Car Restoration versus Refurbishment

The words car restoration and refurbishment are two of the regularly misjudged and misused words. Be it car buyers or seller, it appears everybody has their own translation of what these words truly mean. The misconception of their actual ramifications can cause issues when a car is being sold. We will try to dispel any confusion and characterize what each word implies.

In basic terms, car restoration or auto restoration is an automobile that has been built precisely the way its manufacturer initially had it rolling off the production line.

There are different types and quality levels of car restoration: beginner and expert, incomplete or full, exposed metal or snappy repaint. However, for each situation, the general purpose of renovating old cars, trucks and cruisers is to take them back to the same correct condition they were in when initially delivered.

Classic car restoration doesn’t imply that it has been restored effectively, and precisely. Truth be told, many car restorations fail for a number of reasons. Repainting a car doesn’t mean that car has been properly restored. Reconstructing a car’s mechanical frameworks, be it the motor, transmission or suspension, doesn’t imply auto restoration either.

The other options besides a factory correct car restoration are: a resto-mod where a vintage car or truck is given a modern drive-train/engine/brakes to make it more drivable or have more power; or a custom restoration where a vintage car or truck is given a roof chop, fender flares, or other body modifications to make it truly one-of-kind, often also including upgrading the drive-train.

The true sense of the term ‘car restoration,’ implies the following:

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Body: All the windows, weather stripping, and each and every bit of outside trim (handles, badges, etc) are to be removed.  The past paint/primer/filler complete must be removed and the whole body rendered in bare metal. All the rusted-out, lumpy, damaged, and/or pitted metal areas must be repaired.

Paint: The paint color ought to be precisely the same that the car was first painted, if known, or be shading that its producer offered that year for comparative models.   Paint codes can be obtained to match the factory colors.

Interior: More than simply slipping on an upholstery unit and new door panels, classic car restoration incorporates a dashboard that has been dismantled so every one of the instruments can be cleaned and reconstructed. Same with the chrome trim and chrome handles; they should be re-plated if required. All new weather-stripping must be introduced also.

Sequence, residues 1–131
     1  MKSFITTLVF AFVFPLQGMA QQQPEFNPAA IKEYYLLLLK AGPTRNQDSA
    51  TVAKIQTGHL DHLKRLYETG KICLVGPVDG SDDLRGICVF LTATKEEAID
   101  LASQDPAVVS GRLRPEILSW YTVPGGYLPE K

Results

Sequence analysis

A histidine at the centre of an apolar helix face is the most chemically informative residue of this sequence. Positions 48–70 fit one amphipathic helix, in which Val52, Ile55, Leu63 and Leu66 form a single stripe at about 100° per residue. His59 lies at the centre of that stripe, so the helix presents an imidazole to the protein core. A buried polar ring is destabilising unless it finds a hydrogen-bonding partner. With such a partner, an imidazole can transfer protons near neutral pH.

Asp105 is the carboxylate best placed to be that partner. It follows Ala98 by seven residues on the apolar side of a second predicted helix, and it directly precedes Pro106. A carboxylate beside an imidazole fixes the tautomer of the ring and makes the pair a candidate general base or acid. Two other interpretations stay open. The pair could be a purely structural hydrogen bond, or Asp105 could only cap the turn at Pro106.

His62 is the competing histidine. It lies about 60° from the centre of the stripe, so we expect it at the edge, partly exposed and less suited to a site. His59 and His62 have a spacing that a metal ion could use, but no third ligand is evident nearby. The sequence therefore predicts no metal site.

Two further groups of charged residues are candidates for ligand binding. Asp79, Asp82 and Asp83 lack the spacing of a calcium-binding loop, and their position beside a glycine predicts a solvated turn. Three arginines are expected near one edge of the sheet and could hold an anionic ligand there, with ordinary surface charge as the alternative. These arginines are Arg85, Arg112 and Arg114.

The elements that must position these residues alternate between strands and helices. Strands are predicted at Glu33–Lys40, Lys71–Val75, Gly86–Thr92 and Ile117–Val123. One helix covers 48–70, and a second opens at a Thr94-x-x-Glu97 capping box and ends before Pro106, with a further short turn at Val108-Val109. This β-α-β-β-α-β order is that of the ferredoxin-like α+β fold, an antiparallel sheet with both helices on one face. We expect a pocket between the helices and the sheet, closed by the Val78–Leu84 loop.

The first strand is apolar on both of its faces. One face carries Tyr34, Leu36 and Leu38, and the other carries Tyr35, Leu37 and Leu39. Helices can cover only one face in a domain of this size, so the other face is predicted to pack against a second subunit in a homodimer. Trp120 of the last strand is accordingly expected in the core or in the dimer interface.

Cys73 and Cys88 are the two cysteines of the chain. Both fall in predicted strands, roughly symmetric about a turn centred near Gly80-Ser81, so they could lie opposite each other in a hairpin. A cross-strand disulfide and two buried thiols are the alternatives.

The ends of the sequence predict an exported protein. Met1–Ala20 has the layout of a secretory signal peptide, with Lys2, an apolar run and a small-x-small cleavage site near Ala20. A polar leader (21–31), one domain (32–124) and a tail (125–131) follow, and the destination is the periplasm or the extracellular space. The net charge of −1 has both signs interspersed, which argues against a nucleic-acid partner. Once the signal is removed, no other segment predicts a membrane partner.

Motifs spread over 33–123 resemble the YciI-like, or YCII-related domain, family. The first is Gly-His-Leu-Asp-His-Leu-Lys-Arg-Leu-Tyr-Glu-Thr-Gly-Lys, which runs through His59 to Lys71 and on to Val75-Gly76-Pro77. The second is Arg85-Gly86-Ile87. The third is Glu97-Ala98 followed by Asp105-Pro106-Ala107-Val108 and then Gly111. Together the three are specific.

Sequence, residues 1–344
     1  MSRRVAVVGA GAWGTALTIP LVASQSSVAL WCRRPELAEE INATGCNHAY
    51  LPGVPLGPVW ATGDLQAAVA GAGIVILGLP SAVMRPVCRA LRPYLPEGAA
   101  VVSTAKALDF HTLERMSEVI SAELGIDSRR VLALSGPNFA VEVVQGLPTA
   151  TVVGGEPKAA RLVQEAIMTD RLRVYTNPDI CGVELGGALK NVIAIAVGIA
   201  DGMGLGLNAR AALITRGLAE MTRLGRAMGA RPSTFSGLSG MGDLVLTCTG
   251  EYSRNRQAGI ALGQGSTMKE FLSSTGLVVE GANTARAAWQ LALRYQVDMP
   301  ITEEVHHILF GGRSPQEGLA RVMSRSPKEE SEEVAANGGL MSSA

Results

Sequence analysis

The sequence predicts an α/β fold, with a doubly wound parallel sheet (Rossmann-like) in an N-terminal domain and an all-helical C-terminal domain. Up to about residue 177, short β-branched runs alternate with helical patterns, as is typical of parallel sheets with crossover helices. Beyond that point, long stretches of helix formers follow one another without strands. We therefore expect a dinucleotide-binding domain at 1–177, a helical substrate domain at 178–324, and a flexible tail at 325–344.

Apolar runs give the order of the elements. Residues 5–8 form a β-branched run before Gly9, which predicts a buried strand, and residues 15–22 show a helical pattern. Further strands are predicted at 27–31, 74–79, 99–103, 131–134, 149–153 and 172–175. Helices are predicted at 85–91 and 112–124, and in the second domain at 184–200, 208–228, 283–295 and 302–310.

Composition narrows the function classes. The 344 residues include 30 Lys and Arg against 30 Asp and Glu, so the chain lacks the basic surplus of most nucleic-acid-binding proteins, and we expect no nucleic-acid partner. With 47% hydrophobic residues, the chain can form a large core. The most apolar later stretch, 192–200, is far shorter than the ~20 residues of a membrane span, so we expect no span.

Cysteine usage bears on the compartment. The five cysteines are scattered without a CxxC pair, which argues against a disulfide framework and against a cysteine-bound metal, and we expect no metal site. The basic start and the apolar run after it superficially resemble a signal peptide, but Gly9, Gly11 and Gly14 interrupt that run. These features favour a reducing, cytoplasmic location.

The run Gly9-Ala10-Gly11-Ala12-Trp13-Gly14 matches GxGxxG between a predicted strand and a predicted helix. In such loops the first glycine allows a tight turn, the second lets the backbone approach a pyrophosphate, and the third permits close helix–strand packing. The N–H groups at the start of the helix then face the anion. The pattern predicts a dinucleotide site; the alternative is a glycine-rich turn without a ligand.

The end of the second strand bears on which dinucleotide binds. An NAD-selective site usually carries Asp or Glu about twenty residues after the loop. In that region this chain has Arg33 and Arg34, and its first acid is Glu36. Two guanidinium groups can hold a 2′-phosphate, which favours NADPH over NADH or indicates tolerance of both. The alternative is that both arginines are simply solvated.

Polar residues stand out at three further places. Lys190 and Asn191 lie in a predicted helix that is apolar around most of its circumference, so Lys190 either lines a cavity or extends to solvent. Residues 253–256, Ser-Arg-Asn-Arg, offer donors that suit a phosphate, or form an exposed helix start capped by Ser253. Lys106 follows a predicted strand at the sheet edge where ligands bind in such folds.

Mechanicals: For auto restoration all suspension, brake, fuel, steering, axles, and any part that wears must be inspected.  Those that don’t need to be replaced should have new bearings, bushings, etc.  Those that are too worn to put back on, should be replaced with original equivalents.


Engine: Original specifications are the key here. Internal upgrades, such as lightweight pistons, higher-lift camshafts, forged connecting rods or a three-angle valve cut, are acceptable only because these modifications cannot be seen once the engine is assembled. However, aftermarket intake manifolds, exhaust headers, carburetors, chrome alternators and open-element chrome air cleaners are not acceptable for a factory-correct car restoration.

Car refurbishment’ then would be partial work done in these areas.  For example, a repaint without removing the interior, dash, wiring, even if the outer body panels are taken down to bare metal.

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If these guidelines appear to be fastidious, they are, but it’s this kind of correctness and detailing that separate a restoration from a refurbishment. A factory correct restoration is not for everyone, but certain cars hold tremendous value if done this way.  If you want the best car restoration, it can only be provided at good car restoration shops. The best car restoration shops know from experience what your car needs. Get in touch with a top car restoration shop here.